IPR- detailed information on the results provided by the Kentucky Core Content Test (KCCT) and other components of the Kentucky School Testing System.
KPREP-KY assessment. A criterion-referenced test based on Kentucky’s content standards. The results of this test are used to evaluate the school program in the state accountability system.
Learning targets- sometimes framed as “student will be able to…” Directly related to deconstructed core content standards and Program of Studies. Learning targets are measurable and should be announced and posted prior to instruction to provide the target for that days learning. Measured by exit slips, student reflection, post tests.
Lexile- A Lexile measure is a valuable piece of information about either an individual’s reading ability or the difficulty of a text, like a book or magazine article. The Lexile measure is shown as a number with an “L” after it — 880L is 880 Lexile. Find out more on Lexile.com
LIVE SCORING- A type of formative assessment focused on determining where students are with ORQ and content. As many adults as possible provide specific, immediate feedback as students complete ORQa for improvement at the time the error occurs.
MAP-Measures of Academic Progress. Computerized tests given to provide teachers, students, and parents with an accurate assessment of what a student knows and needs to learn.
NCLB/ESEA – No Child Left Behind/Elementary and Secondary Education Act
NWEA-Northwest Evaluation Association. Company that makes MAP testing program. Website NWEA.org
NRT — Norm Reference Test: An assessment that indicates success of student based on national averages.
Percentile rank: A number assigned to a score that indicates the percentage of scores found below that score.
PLC-(Professional Learning Community) every professional in the building engaging with colleagues in the ongoing exploration of three crucial questions that drive the work of those within a professional learning community:
- What do we want each student to learn?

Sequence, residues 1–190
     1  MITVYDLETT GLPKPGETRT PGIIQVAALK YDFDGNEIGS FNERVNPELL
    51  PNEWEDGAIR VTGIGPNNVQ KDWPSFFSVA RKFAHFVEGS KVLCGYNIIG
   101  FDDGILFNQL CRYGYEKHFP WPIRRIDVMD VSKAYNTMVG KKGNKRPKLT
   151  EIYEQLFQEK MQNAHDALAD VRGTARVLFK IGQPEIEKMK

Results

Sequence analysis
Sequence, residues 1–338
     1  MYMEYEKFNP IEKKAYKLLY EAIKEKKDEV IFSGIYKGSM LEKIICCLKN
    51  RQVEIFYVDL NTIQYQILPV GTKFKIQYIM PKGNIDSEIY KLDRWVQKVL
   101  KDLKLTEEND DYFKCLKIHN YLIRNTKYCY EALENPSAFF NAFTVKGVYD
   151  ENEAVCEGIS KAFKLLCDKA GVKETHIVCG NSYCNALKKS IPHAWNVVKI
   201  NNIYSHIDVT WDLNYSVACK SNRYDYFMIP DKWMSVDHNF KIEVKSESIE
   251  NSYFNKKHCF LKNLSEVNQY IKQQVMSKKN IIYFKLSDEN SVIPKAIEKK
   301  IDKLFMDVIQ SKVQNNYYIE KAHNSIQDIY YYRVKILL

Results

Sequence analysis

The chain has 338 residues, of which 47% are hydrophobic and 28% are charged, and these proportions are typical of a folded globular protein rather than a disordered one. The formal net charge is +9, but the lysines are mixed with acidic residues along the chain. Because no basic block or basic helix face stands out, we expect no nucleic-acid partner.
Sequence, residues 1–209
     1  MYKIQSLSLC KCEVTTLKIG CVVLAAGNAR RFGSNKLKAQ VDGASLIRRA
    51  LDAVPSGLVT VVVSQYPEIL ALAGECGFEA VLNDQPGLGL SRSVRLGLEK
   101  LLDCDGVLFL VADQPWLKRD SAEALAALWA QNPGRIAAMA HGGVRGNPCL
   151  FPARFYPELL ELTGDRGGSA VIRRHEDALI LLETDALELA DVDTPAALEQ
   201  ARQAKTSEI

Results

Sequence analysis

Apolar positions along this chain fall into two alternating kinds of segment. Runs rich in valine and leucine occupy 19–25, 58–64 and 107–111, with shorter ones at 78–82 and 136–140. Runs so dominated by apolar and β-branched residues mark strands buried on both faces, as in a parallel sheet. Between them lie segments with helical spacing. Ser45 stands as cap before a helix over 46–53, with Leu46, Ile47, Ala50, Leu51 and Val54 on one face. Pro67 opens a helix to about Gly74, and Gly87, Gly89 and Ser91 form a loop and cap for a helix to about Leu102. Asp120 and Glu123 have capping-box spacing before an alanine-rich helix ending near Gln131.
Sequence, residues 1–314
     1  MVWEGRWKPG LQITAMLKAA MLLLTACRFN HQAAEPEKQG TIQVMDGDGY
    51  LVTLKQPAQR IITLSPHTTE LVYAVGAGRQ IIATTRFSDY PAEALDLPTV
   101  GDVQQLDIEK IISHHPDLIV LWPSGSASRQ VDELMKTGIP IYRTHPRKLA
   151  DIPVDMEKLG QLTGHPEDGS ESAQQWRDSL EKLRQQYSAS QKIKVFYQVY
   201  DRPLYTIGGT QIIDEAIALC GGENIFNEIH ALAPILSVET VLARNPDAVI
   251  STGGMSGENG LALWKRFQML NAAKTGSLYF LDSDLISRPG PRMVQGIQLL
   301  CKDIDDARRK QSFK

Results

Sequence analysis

- How will we know when each student has learned it?
- How will we respond when a student experiences difficulty in learning?
RIT-Rausch Unit- A score in a given subject area on the MAP test. A RIT score is an equal-interval score, like feet and inches, so scores can be added together to calculate accurate class or school averages. RIT scores make it possible to follow a student’s educational growth from year to year.
RTI is an integrated approach that includes general, remedial, gifted, and special education in providing high-quality instruction that is matched to individual student needs. By providing scientifically-based intervention to students, monitoring progress on interventions, and using this information to determine who is in need of more intensive services, RTI further builds on the requirements of the No Child Left Behind (NCLB) Act.
SIOP: Sheltered Instruction Observation Protocol - Model of instruction to help teach ELs (and all students) Also known as SDAIE or Specially Designed Academic Instruction in English.
SPAGS-(Student Progress Auto Graphing Tool): An excel-based program used for graphic progress monitoring data. Used in RTI and when referring a student for Special Ed.
SAQ: Short answer question. This is a written question that exhibits the student’s learning with a simple, write or wrong answer.
SUMMATIVE ASSESSMENT-refers to the assessment of learning that summarizes the development of learners at a particular time. After a period of work, e.g. a unit for two weeks, the learner sits for a test and then the teacher marks the test and assigns a score. The test aims to summarize learning up to that point.
V-BRICK-VBrick is the Ethernet TV system that is used throughout the district. It allows you to view some television and recorded programs through your computers (and therefore through your projectors/ActivBoards as screens).